President Trump’s revocation of federal protection for transgender students is a setback for the transgender community, but one that should worry all Americans.

In rescinding the guidance that said schools should allow transgender students to use the bathroom facilities aligned with their gender identity, Trump had the opportunity to refine that policy, to find a middle ground that nevertheless protected the safety of transgender individuals. On the campaign trail, he had promised the LGBTQ community that he would “fight for you,” even unfurling a rainbow flag at one event. But at the first opportunity to follow through, he whiffed.

There is a reason civil rights have been the purview of the federal government. States have made an unholy mess of it in the past. It was the feds who finally stepped in to put an end to the horrifying Jim Crow laws and ensure uniform voting rights.

A recent analysis of federal and state data put the number of transgender teens at about 150,000, with another 1.4 million transgender adults. Their right to safely use a bathroom should not depend on what state they live in. And yet the concerns of those grappling with fast-changing societal norms must be acknowledged, not derided. It is the responsibility and moral obligation of the federal government to navigate that delicate terrain and craft a middle ground that preserves safety. That is hard work, but it is the job Trump signed up for. To abandon vulnerable individuals — particularly children — who already suffer from cruel bullying and higher suicide rates is unconscionable.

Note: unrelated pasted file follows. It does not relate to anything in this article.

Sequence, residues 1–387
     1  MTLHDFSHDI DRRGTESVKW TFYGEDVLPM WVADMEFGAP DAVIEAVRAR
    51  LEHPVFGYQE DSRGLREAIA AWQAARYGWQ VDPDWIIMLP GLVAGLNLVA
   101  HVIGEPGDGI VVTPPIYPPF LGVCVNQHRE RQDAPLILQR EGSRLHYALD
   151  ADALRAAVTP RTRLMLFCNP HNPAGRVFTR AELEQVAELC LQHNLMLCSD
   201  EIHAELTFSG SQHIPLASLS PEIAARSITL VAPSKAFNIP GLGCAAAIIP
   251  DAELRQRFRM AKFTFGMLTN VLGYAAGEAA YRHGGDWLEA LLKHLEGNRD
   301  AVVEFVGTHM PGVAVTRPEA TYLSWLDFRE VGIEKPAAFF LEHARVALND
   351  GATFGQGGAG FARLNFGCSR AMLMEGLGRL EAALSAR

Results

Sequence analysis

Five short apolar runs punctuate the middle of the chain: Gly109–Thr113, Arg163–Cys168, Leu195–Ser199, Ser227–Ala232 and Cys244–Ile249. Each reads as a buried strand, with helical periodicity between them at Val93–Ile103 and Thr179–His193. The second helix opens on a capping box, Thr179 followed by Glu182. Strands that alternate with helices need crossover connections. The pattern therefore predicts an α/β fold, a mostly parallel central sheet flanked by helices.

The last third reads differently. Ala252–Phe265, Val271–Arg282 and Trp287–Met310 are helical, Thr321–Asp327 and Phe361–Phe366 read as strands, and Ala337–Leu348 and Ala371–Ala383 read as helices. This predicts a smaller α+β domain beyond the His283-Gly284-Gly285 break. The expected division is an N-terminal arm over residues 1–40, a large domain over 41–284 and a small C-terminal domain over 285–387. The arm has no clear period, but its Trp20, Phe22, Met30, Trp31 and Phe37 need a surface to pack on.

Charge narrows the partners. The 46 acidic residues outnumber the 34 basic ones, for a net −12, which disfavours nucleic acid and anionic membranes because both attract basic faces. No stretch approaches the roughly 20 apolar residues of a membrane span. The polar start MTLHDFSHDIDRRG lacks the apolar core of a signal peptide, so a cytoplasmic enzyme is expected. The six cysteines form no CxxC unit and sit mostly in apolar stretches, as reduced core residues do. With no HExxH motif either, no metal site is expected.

Education Secretary Betsy DeVos reportedly expressed initial concerns about the shift, and when the policy was announced pointedly said that, “We have a responsibility to protect every student in America … . This is not a federal mandate but a moral obligation no individual, school, district or state can abdicate.” Unfortunately, by sending this issue back to the states the Trump administration is doing just that.

The Obama guidance letter moved too fast for some, attempting by fiat what should have been done through deliberation and inclusion. But without federal leadership, what’s left is a hodgepodge of laws in which civil rights can change just by crossing a state line.

Thankfully, Minnesota — first in the nation to legislatively approve same-sex marriage — has the additional protection of the state Human Rights Act and an antibullying law that covers gender identify. Gov. Mark Dayton has rightly said that protection for transgender students is not a “states’ rights” issue, but a human-rights issue deserving of constitutional protection “if the long-stated purpose of the United States Constitution is to protect a minority of people form oppression by some who are in the majority.”

Minnesota school districts now must develop their own policies. As they do so, we would urge them to look to those state laws. Minnesota has the opportunity to succeed where the federal government has failed, and to develop a compassionate model that acknowledges concerns, preserves safety and leads citizens toward greater equity.